Image: Cream silk chiffon evening ensemble by Christian Dior, worn by Princess Margaret. c1950s. Gift of Princess Margaret. Image taken by author.
Other stand-out garments for me which must be seen include the Queen Mother’s Norman Hartnell 1952 ball gown, Alexandra, Princess of Wales’ 1863 wedding dress, and Queen Mary’s 1947 Norman Hartnell ivy-leaf design gown worn to the wedding of Princess Elizabeth, now HRH Her Majesty The Queen.
Above Images: Norman Hartnell ballgown worn by the Queen Mother. c1952. Oyster grey silk satin with beadwork, embroidery and Swarovski crystals. Lent by HRH Her Majesty The Queen. Image taken by author.
Image: Evening dress worn by Alexandra, Princess of Wales. Morin Blossier. c1893. Lilac silk with velvet and cream lace. Gift of Evelyn Davey. Image taken by author.
My one qualm – and this is a personal one – is that I simply wanted to see more! I understand that this would be an almost impossible task for the Fashion Museum to achieve; the exhibition space is small, and the curators are obviously limited as to how many items they are permitted to display due to space and conservation regulations. Furthermore, too many garments would make the exhibition too crowded. Perhaps, in order to combat my greediness for more garments, extra accessories could have been displayed, or a larger catalogue produced to compliment the exhibition, although I know that publishing something on this scale can be extremely expensive.
Image: Norman Hartnell evening gown. c1950’s. Machine lace with fine net tulle, gold thread and sequins. Gift from HRH Her Majesty The Queen. Image taken by author.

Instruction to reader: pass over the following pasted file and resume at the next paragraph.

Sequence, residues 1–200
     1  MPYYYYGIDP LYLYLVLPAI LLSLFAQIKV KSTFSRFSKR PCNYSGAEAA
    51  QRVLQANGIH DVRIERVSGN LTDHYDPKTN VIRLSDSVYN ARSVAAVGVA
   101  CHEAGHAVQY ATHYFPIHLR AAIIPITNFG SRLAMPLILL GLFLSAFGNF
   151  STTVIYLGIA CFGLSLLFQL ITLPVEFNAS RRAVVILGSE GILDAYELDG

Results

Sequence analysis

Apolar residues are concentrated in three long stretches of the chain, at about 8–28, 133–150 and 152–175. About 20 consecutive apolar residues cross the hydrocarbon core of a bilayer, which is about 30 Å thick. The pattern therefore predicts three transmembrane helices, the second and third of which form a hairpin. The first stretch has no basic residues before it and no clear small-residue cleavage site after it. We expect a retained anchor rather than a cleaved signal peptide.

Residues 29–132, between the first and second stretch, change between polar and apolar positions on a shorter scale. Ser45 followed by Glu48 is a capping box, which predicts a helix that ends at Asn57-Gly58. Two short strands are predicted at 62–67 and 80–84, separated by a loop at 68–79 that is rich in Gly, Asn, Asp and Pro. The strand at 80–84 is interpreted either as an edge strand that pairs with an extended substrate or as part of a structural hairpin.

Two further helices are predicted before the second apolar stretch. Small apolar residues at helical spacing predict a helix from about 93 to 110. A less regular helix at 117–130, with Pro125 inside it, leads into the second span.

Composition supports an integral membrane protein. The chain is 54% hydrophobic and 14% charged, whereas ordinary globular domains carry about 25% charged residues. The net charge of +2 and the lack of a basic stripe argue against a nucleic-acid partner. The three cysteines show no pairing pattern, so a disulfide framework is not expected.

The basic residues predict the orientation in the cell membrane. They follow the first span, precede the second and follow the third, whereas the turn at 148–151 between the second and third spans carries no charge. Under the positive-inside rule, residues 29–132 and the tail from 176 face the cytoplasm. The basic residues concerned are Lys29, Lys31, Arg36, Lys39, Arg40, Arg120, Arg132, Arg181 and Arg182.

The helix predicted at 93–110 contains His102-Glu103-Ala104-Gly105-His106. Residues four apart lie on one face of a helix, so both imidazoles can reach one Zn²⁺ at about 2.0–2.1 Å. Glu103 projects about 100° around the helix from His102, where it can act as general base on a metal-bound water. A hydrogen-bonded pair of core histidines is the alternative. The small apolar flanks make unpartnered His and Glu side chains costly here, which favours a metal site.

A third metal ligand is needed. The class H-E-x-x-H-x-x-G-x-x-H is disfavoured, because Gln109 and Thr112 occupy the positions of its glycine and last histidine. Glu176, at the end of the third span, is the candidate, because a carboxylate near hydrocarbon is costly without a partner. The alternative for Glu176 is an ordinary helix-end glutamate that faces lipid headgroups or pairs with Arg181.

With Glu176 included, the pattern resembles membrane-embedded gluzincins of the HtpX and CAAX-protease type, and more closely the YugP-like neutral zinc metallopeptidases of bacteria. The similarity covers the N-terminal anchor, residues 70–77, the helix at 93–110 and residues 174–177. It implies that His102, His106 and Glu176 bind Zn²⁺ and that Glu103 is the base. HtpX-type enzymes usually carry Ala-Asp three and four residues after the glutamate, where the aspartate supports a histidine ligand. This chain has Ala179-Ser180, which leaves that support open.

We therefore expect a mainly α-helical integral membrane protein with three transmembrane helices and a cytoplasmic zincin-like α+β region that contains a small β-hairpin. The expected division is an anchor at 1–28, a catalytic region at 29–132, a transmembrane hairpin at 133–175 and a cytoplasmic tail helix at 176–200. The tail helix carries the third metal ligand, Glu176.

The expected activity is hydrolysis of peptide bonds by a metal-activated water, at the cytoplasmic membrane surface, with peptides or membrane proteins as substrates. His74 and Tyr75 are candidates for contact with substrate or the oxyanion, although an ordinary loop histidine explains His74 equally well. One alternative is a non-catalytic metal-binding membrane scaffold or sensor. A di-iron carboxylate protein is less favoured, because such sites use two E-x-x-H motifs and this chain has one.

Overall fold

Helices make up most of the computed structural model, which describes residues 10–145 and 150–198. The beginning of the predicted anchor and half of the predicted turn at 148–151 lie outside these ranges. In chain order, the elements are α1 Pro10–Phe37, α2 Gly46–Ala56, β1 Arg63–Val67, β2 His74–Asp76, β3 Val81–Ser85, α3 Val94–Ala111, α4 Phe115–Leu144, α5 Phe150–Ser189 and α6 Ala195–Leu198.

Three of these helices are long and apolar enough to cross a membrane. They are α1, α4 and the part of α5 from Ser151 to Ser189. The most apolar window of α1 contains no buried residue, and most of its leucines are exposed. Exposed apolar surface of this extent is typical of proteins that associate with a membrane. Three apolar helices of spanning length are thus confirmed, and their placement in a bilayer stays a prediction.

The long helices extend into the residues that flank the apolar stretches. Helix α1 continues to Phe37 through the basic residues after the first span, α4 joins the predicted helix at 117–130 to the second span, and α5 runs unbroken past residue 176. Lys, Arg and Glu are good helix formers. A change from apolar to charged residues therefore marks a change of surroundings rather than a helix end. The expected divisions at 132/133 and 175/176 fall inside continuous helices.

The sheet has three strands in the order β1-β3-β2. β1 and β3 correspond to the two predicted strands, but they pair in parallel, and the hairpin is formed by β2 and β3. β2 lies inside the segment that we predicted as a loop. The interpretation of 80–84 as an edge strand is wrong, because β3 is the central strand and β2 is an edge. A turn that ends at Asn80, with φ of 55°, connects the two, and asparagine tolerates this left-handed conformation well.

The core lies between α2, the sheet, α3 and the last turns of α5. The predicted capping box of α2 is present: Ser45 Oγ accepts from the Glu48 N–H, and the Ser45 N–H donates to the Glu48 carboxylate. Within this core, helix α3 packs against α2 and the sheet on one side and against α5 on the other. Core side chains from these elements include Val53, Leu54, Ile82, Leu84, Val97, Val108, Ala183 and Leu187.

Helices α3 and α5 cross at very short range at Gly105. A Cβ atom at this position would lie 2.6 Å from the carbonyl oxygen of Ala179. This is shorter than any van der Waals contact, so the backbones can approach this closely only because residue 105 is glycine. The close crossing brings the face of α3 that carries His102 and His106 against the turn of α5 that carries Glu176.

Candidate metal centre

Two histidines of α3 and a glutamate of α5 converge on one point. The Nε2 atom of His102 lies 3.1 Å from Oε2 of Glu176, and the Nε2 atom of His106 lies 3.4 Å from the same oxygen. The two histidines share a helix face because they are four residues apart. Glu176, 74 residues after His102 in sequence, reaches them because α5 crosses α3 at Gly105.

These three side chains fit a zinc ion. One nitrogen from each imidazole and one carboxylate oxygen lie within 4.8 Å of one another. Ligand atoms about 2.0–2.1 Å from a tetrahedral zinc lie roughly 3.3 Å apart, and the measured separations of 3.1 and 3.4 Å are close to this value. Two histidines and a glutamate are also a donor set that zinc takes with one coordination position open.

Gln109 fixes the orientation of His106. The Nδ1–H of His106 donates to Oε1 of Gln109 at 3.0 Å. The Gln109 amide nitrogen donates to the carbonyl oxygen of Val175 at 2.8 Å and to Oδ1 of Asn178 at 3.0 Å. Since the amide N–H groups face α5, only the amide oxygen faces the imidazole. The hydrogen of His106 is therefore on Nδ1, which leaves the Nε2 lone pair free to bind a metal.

In conclusion, I thought that this was a well presented exhibition which successfully conveyed factual and biographical information about the lives of the royal women in question. The exhibition achieved its main aims and educated me as a visitor about royal dress, and provided me with a springboard to research the dress of these royals myself. It is well worth the visit and I advise all fashion history lovers to attend!
You can visit the exhibition from 3 February 2018 to 28 April 2019.
If you are interested in the history and collection at the Fashion Museum, you can read curator Rosemary Harden’s chapter ‘From Museum of Costume to the Fashion Museum: The Case of the Fashion Museum in Bath’ in Fashion and Museums: Theory and Practice by Marie Riegels Melchior and Birgitta Svensson.
 Brochure published by the Fashion Museum, 2018.
 Rosemary Harden, ‘From Museum of Costume to the Fashion Museum: The Case of the Fashion Museum in Bath,’ Fashion and Museums: Theory and Practice. Eds. Marie Riegels Melchior and Birgitta Svensson. London: Bloomsbury, 2014. Print. 134.
 Harden, ‘From Museum of Costume to the Fashion Museum,’ 134.